If the past six months have taught us anything, it’s that a family’s circumstances can change overnight, without warning. A family getting by just fine before COVID-19 might have experienced a job loss or a family illness and all of sudden struggle to purchase the basic essentials and to put food on the table.
This strikes a personal chord with me. When I was a child, my family went through something similar. After my father passed away, when I was just 11 years old, our family circumstances changed and we struggled.
Now that I am an MP, I want to do whatever I can to make sure every child has the same chance. 19 years after I was at school, it is devastating that in my own constituency, Bury South, and across the country, too many children are still held back by hunger.
School breakfasts are a proven way to tackle classroom hunger and boost educational attainment, particularly for the most disadvantaged children. Research from the Institute for Fiscal Studies and Education Endowment Foundation has shown that children in schools with a universal free school breakfast provision make two months additional academic progress, compared to children in schools without such provision. This is more important than ever as we know the educational attainment gap has widened as a result of COVID-19 school closures.
That is why I and MPs across the House are supportive of the School Breakfast Bill, which will be presented to Parliament on 13 October. The Bill seeks to provide disadvantaged primary and secondary schools with the support required to provide a free and healthy school breakfast to children. In my own constituency, 19 schools and nearly 6,000 pupils would benefit. In simple terms, that’s 6,000 children whose lives could be transformed.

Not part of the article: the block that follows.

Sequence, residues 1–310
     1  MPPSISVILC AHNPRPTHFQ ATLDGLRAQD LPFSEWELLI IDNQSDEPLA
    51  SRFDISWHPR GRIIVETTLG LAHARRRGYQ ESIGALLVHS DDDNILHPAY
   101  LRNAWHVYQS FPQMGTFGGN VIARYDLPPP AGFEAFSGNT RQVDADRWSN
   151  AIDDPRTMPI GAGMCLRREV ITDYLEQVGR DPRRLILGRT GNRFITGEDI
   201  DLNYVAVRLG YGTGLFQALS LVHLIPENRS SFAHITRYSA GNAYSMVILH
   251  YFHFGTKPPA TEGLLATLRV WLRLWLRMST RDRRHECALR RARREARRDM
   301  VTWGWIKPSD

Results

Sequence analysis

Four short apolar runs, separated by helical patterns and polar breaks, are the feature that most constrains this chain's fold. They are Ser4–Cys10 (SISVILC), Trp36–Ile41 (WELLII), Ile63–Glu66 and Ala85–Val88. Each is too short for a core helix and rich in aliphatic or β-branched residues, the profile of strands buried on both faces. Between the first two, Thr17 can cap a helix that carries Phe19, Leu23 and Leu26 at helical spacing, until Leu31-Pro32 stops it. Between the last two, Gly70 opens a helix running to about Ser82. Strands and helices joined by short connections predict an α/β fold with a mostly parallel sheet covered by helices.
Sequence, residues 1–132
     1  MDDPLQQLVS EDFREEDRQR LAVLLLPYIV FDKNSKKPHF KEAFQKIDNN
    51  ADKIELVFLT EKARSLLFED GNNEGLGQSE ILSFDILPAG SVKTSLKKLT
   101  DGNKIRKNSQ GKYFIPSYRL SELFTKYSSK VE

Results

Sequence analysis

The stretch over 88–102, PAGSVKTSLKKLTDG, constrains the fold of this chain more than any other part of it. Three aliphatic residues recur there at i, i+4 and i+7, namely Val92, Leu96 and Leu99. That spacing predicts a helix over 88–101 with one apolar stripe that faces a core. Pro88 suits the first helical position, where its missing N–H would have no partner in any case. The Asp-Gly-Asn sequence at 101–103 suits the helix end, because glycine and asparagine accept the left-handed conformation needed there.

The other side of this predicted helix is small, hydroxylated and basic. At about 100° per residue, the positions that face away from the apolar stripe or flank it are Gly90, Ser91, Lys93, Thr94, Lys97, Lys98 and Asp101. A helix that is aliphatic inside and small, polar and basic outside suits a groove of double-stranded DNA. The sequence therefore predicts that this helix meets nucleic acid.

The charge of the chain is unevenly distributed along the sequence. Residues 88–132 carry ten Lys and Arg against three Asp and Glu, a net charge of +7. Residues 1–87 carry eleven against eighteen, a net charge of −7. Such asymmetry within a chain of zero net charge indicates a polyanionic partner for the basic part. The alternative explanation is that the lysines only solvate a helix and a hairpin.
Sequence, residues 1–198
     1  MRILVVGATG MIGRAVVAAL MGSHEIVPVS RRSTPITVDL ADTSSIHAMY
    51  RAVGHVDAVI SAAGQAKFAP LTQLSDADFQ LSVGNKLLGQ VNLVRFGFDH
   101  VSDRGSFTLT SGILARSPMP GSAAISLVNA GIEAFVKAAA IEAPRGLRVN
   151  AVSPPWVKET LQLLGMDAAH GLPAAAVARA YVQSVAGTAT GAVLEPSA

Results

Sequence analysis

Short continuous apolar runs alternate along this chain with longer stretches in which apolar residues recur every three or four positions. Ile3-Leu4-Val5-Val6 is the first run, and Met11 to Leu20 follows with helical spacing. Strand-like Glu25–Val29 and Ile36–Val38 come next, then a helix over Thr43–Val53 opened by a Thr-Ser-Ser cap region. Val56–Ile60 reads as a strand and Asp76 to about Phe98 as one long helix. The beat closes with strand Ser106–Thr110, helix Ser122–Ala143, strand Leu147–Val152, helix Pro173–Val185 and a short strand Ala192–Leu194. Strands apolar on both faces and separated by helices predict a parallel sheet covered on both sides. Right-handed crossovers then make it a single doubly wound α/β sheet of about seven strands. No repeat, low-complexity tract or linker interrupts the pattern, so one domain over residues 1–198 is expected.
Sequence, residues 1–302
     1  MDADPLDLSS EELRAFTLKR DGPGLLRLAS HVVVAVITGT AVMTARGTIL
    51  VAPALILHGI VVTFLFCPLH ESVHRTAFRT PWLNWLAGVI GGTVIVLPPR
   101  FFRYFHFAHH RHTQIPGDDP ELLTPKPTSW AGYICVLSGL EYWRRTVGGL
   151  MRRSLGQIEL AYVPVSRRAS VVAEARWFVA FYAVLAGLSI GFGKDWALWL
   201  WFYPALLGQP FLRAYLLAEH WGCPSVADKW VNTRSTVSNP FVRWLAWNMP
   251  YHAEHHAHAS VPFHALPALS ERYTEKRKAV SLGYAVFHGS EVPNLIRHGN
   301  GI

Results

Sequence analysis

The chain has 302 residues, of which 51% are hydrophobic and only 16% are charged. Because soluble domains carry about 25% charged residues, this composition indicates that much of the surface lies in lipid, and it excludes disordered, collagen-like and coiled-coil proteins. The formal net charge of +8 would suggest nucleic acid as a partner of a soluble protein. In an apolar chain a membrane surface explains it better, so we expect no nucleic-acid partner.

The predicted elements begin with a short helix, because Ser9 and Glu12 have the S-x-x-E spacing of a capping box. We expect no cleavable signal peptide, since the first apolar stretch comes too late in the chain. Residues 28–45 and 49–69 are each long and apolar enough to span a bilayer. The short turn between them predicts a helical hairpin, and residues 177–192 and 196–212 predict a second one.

This Bill builds and scales up the Government’s existing and very successful National School Breakfast Programme, which is implemented by Magic Breakfast and Family Action. This programme has demonstrated the benefits of school breakfast provision, with teachers reporting improvements in children’s energy, concentration, behaviour, punctuality and attendance. But the funding is set to run out in March 2021 – mid way through this school year and when we may well still be in the thick of the pandemic.
Interventions like school breakfast provision must be front and centre as we look towards ‘building back better’. I was proud to join the Levelling Up Taskforce last month to hold the Government to account on its promise to address regional inequalities. That starts with interventions like this one, that ensure that children have the opportunity to get a good education and ultimately access highly paid work, regardless of their family circumstances.
I know that I wouldn’t be where I am today if I hadn’t been able to start the school day with a full stomach and I will use my platform as an MP to ensure every child has the same opportunities I did. I’d urge the Government to consider supporting the School Breakfast Bill in order to ensure that no child starts the day too hungry to learn.